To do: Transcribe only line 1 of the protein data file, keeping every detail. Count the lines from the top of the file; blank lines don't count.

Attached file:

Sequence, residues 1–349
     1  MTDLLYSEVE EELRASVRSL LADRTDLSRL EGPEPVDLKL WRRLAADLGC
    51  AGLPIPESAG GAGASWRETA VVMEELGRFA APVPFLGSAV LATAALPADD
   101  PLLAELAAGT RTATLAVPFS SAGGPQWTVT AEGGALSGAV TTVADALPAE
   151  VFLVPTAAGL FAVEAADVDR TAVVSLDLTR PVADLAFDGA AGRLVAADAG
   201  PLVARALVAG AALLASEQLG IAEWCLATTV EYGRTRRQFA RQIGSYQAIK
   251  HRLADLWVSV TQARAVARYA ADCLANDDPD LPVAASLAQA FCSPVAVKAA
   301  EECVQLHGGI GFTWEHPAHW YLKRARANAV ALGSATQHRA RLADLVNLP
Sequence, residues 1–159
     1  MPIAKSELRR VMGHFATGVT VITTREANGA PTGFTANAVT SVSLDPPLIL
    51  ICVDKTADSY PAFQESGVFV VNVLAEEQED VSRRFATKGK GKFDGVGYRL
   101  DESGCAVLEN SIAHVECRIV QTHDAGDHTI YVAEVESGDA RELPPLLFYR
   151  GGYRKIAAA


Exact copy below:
Sequence, residues 1–349